5 Eco-friendly Inventions that Australia can be Proud of

Australia is one of the world’s most eco-friendly countries. We have banned plastic bags in South Australia, put a tax on carbon and most homes have a government-issued recycling bin. However, much of the country’s environmental efforts happen behind the scenes – in construction, building and mining.

Here we look at five of the best eco-friendly Australian inventions.

Solar roof tiles

As the Earth’s natural resources are diminishing and the price of them rises, solar energy is set to be a big part of the world’s future. Solar energy is also significantly better for the environment. In 2013, Australia’s Climate Commission’s Solar Energy report found that 2.5 million or 10 per cent of Australians were already using solar energy.

Australian company B-Pods hopes to increase that number further with the invention of Tractile Solar Energy Roof Tiles. Designed to blend in with whatever type of roof tiles you have, Tractile also offer the added benefit of powering electricity and hot water through one unit. The invention, which was a finalist in the 2006 Australian Design Awards, has already been patented in 28 different countries.

Mechanical joining systems

A University of Technology Sydney report found that almost 70 per cent of greenhouse gas emissions in Australia come from the transport and energy industries (UTS, 2008), providing huge leeway for improvement.

Australian inventor, Dean Cameron, saw that there were inefficiencies and wastage when exporting his previous creation – sewage systems, so he sought to find a solution. After being inspired by the strong force that clams use to cling on to rocks, he created Joinlox – a mechanical joining system that works in a similar way to Velcro.

The system, which won him Inventor of the Year in 2006 on ABC show, New Inventors, has a variety of applications – but one of its features is that it doesn’t require any eco unfriendly machinery or adhesives to use. The system is reusable, reducing the need for replacing and throwing out materials, and is cheaper to transport – reducing greenhouse gas emissions.

Here’s more info on their reusable joints.

Waste sifting system

Research has shown that up to 10-15 per cent of a building’s material can go to waste during the construction phase (Skoyles ER. Skoyles JR., (1987)).

FlipScreen, created by Australian inventor Sam Turnbull, is a mesh attachment that joins onto construction equipment and machinery. Instead of small bits of waste, such as woodchips and rubble, being left on the ground, FlipScreen collects up that waste in the mesh sift so that it can be reused or recycled.

Biodegradable temporary coatings

The effects of harmful chemicals used in building and construction on our environment are immense. Among many of the negative effects is the impact on aquatic life. Chemicals are often washed into the sewers, which deliver the toxic water into our oceans and rivers – harming and killing sea life. Those chemicals can then also make their way back into our bodies through the food and water that we consume.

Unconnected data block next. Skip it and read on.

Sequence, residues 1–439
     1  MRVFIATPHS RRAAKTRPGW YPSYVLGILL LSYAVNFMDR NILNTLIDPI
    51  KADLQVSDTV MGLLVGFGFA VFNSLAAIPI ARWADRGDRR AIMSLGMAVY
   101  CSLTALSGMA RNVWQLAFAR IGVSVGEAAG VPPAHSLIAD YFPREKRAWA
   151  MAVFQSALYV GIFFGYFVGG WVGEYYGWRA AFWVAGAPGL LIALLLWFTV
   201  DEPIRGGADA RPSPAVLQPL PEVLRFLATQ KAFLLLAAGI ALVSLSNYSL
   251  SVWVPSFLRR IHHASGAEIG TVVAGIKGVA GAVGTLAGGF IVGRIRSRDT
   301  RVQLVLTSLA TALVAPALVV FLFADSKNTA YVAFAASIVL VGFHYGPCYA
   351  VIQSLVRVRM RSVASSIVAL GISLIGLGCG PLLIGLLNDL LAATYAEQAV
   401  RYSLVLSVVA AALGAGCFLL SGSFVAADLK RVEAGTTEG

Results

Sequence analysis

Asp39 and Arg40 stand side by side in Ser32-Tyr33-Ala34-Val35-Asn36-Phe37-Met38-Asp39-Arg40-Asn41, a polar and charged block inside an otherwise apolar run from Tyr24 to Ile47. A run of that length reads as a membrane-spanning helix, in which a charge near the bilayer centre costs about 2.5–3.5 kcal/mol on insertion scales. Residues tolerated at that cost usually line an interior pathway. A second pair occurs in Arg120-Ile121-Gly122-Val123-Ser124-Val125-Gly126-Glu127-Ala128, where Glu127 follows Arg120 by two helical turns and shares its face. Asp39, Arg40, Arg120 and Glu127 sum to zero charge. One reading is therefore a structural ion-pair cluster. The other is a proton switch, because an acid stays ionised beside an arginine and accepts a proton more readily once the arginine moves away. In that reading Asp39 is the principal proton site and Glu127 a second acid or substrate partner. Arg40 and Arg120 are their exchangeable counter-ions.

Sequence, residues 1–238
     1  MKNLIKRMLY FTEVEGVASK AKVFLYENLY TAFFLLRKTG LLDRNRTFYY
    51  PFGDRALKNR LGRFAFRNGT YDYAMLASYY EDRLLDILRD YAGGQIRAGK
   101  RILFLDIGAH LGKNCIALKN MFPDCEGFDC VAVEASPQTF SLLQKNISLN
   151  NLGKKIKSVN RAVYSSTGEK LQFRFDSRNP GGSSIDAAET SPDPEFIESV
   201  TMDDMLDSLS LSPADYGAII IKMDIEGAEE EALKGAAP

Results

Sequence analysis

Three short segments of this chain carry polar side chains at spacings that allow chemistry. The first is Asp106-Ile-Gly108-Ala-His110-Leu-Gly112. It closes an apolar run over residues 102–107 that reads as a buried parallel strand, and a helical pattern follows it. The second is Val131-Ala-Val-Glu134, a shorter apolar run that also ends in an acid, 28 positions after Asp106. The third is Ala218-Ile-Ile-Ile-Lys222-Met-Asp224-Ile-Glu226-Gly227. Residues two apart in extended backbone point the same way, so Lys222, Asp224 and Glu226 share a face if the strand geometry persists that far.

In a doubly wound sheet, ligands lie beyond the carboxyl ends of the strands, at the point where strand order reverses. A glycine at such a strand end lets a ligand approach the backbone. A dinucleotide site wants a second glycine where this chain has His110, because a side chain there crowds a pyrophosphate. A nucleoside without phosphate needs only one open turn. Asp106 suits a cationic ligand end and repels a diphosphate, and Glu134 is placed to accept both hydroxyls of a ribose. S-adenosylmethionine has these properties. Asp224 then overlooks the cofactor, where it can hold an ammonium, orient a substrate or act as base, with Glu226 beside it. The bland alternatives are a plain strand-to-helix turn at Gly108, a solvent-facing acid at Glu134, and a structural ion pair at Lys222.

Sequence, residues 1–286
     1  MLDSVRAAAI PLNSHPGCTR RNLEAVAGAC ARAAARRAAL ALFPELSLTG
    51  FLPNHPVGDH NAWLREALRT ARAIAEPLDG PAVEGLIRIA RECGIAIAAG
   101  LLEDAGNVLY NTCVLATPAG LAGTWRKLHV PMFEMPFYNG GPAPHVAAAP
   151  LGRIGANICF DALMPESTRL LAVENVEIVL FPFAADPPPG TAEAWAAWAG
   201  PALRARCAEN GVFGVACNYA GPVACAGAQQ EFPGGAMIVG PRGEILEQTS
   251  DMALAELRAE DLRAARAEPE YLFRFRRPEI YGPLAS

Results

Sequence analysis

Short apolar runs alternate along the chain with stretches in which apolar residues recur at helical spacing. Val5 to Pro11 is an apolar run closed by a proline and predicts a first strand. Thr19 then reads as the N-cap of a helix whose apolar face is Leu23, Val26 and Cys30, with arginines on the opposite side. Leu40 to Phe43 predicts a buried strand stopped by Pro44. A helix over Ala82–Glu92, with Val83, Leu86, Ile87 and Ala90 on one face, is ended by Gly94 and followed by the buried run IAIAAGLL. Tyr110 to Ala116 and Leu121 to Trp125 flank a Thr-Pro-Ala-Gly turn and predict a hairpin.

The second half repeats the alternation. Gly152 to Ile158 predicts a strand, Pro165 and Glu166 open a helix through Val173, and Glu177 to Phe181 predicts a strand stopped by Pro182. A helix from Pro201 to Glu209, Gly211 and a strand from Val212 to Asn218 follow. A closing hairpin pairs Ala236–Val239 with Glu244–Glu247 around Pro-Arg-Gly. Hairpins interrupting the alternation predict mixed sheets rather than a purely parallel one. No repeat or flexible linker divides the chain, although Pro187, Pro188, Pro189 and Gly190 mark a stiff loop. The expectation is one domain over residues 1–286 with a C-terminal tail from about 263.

John Gregory from goGreen Enterprises developed a biodegradable, environmentally-friendly temporary coating that can be used to protect surfaces such as bathtubs, countertops and window frames while construction work is conducted around them. Containing no chemicals or harsh toxins, the patented one4allTM coating both saves money and minimises environmental impact.

Building insulation system

There is no doubt that air conditioning is considered an essential part of life in many parts of Australia, but they require huge amounts of fossil fuels to run and release ozone-depleting gases called hydrofluorocarbons (Parliament of Australia, 2008). Between 2008 and 2012 alone, the Sydney Morning Herald reported that 1.7 million air conditioners were installed in Australia, and one air conditioner could use as much energy to run as 40 fans.

Now, an invention by Sydney-based Rex Lehmann, helps to minimise the need for cooling and insulation with his SkyCool coating system. Painted onto the roof of a building, it works by deflecting heat, before it can enter. A study by the University of Technology Sydney found that the coating could reduce air conditioning costs by up to 50 per cent (Geoffrey, 2007).

Conclusion

When it comes to protecting our environment, every little bit counts. While environmentally-friendly products have long been considered the more expensive solution, these Australian inventions show that you can actually cut down costs – and your carbon footprint – by implementing them.

This is what makes these particular inventions so clever and innovative – they break down the barrier that prevents businesses and individuals from choosing eco-friendly solutions by ensuring there is a cost benefit to go with them.

Cite this article:
Lee M (2014-01-24 00:15:18). 5 Eco-friendly Inventions that Australia can be Proud of. Australian Science. Retrieved: Dec 13, 2019, from http://ozscience.com/environmental-science/5-eco-friendly-inventions/